Base lubricant formulation F is prepared with the following components (all presented on an oil-free basis):
 - Base oil(s), API Groups II and III, in an amount to total 100%
 0.57% Olefin copolymer viscosity modifier
 0.14% Polymeric pour point depressant
 0.79% Zinc dialkyldithiophosphate(s), about 11% P
 0.01% Commercial antifoam agent (including diluent)
 0.99% Antioxidants (aromatic amine, sulfurized olefin)
 0.25% Hindered phenolic C-4 ester antioxidant
 0.1% Hydroxyacid derivative friction modifier
 This base lubricant is further treated with components as shown in the following table:
TABLE-US-00009 Ex: Additive 32 33 34 35 36 37 Succinimide dispersant 2.12 2.12 (no Ti), % Titanated succinimide 2.12 2.12 dispersant 1, % Titanated succinimide 2.12 2.12 dispersant 2, % (ppm Ti) 80 80 40 40 Overbased Ca 0.9 0.74 0.9 0.74 0.9 0.74 sulfonate detergent, % Overbased Na 0.17 0.17 0.17 sulfonate detergent, % (ppm Na) 423 463 420
 The lubricant formulations are subjected to the Komatsu Hot Tube test, a high temperature test measuring deposit formation. Glass tubes in a heated aluminum block maintained at 280° C. Test oil is flowed through the tubes at 0.31 mL/hour under an air flow of 10 mL/min., over the course of 16 hours. At the end of the test, the tubes are rinsed and rated visually on a 0-10 scale, with 0 being a black tube and 10 being a clean tube. The results are shown in the following table:
TABLE-US-00010 Ex: Additive 32 33 34 35 36 37 KHT Rating 0.5 0 3 9 3.5 9
The results show that the presence of Na detergent has no effect on deposits by the KHT test. The presence of Ti alone (at 40 or 80 ppm) has a modest effect, improving the rating to 3-3.5. However, the combination of Ti+Na leads to a dramatic improvement, to ratings of 9.
 Each of the documents referred to above is incorporated herein by reference. Except in the Examples, or where otherwise explicitly indicated, all numerical quantities in this description specifying amounts of materials, reaction conditions, molecular weights, number of carbon atoms, and the like, are to be understood as modified by the word "about." It is to be understood that the upper and lower amount, range, and ratio limits set forth herein may be independently combined. Similarly, the ranges and amounts for each element of the invention can be used together with ranges or amounts for any of the other elements. As used herein, the expression "consisting essentially of" permits the inclusion of substances that do not materially affect the basic and novel characteristics of the composition under consideration.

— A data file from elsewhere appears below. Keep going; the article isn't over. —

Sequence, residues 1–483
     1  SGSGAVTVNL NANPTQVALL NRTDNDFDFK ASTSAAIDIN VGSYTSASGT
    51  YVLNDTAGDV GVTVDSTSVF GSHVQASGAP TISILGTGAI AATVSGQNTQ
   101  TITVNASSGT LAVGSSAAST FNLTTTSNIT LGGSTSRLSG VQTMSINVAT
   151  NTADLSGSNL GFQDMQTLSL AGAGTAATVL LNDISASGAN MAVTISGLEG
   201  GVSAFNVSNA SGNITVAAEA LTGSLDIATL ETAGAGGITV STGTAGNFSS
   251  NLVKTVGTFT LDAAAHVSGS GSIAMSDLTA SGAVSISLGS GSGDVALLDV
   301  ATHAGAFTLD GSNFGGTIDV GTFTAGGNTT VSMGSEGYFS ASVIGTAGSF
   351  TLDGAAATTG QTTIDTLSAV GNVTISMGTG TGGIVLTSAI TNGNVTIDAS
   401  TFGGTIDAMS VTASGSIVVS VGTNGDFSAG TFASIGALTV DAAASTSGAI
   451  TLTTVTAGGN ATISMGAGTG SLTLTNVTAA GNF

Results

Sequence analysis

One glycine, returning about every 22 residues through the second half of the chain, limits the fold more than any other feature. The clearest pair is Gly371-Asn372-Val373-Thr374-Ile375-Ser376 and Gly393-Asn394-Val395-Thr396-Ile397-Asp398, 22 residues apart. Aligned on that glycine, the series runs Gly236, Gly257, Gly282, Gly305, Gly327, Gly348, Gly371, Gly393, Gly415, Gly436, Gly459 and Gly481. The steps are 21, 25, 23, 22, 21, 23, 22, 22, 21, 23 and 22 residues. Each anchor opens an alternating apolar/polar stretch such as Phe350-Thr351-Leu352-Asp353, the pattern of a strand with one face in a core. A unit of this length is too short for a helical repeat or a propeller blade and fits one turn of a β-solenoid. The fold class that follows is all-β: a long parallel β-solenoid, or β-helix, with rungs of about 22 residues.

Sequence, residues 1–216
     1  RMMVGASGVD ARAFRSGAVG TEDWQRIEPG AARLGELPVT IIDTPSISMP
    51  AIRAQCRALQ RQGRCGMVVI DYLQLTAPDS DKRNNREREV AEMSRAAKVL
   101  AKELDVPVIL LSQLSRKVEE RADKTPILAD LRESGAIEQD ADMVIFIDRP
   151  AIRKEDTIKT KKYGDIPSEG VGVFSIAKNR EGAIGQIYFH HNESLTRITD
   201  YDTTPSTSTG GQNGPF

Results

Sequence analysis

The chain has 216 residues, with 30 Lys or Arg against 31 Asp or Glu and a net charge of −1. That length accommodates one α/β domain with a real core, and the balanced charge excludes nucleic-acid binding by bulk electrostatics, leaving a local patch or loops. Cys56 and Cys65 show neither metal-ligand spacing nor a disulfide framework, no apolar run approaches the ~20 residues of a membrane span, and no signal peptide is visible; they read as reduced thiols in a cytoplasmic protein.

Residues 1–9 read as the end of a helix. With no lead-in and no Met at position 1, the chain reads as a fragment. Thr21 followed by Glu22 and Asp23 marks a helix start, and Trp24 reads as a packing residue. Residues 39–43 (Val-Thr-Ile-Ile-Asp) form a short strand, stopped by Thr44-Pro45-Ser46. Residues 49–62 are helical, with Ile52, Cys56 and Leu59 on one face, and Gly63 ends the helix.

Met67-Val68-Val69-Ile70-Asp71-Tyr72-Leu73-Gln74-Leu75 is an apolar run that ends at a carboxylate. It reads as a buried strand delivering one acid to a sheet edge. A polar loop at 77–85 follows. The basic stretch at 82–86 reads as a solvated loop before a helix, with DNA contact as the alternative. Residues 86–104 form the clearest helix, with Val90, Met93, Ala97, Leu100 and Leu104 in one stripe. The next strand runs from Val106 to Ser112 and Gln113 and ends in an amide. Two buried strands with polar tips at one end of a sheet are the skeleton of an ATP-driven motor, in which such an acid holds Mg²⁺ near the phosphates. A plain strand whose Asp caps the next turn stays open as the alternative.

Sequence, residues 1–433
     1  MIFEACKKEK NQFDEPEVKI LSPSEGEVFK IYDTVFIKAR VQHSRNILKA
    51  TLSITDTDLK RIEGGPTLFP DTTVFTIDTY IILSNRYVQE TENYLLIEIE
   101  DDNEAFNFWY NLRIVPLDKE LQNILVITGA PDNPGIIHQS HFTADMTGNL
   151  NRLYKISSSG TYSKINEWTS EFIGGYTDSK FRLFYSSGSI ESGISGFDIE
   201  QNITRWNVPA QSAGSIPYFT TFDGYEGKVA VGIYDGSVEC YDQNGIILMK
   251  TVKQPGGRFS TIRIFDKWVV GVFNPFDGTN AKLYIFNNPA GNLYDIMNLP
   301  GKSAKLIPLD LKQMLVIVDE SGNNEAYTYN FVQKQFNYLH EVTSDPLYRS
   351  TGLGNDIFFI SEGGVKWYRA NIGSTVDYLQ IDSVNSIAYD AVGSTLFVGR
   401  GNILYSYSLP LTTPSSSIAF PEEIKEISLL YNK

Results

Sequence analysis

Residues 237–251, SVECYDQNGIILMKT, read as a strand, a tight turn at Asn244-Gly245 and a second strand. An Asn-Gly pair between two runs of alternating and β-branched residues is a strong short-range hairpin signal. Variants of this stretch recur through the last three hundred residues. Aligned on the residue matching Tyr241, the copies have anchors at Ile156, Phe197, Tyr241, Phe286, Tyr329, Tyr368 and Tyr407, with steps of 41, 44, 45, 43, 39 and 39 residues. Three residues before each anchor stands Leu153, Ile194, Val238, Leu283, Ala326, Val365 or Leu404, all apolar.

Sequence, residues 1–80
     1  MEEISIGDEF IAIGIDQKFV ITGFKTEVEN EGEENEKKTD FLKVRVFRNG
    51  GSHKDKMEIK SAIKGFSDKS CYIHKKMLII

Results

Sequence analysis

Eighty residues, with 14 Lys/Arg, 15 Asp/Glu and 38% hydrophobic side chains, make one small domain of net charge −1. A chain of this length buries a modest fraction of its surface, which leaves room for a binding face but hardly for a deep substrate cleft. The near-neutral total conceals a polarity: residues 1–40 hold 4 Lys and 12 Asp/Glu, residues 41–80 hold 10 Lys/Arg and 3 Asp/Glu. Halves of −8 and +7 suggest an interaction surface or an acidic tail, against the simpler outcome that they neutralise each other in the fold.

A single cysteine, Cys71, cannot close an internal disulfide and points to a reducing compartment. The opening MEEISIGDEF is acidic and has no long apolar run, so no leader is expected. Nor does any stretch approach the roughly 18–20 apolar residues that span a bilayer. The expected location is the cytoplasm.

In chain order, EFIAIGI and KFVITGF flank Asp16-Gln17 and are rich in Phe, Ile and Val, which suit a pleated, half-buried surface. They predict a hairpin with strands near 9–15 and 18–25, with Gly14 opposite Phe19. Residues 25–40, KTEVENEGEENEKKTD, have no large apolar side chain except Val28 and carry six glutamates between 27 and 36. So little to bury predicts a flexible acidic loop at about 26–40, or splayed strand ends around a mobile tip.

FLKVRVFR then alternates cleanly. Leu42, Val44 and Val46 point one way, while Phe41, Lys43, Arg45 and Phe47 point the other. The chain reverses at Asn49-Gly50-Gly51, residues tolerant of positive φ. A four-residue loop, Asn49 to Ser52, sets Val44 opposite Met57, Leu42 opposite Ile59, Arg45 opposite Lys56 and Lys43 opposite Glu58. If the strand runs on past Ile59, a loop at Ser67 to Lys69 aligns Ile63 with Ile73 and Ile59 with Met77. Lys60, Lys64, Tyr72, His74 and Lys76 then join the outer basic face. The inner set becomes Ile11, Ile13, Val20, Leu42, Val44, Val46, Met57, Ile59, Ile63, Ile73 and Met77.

Patent applications by Brent R. Dohner, Concord, OH US
Patent applications by Jody A. Kocsis, Chagrin Falls, OH US
Patent applications by John K. Pudelski, Cleveland Hts., OH US
Patent applications by Jonathan S. Vilardo, Chardon, OH US
Patent applications by Mark C. Davies, Belper GB
Patent applications by Matthew D. Gieselman, Wickliffe, OH US
Patent applications by Patrick E. Mosier, Bay Village, OH US
Patent applications by Virginia A. Carrick, Chardon, OH US
Patent applications by THE LUBRIZOL CORPORATION
Patent applications in class And chalcogen double bonded directly to the other ring carbon of the hetero ring which is adjacent to the ring oxygen (e.g., maleic anhydride copolymers, etc.)
Patent applications in all subclasses And chalcogen double bonded directly to the other ring carbon of the hetero ring which is adjacent to the ring oxygen (e.g., maleic anhydride copolymers, etc.)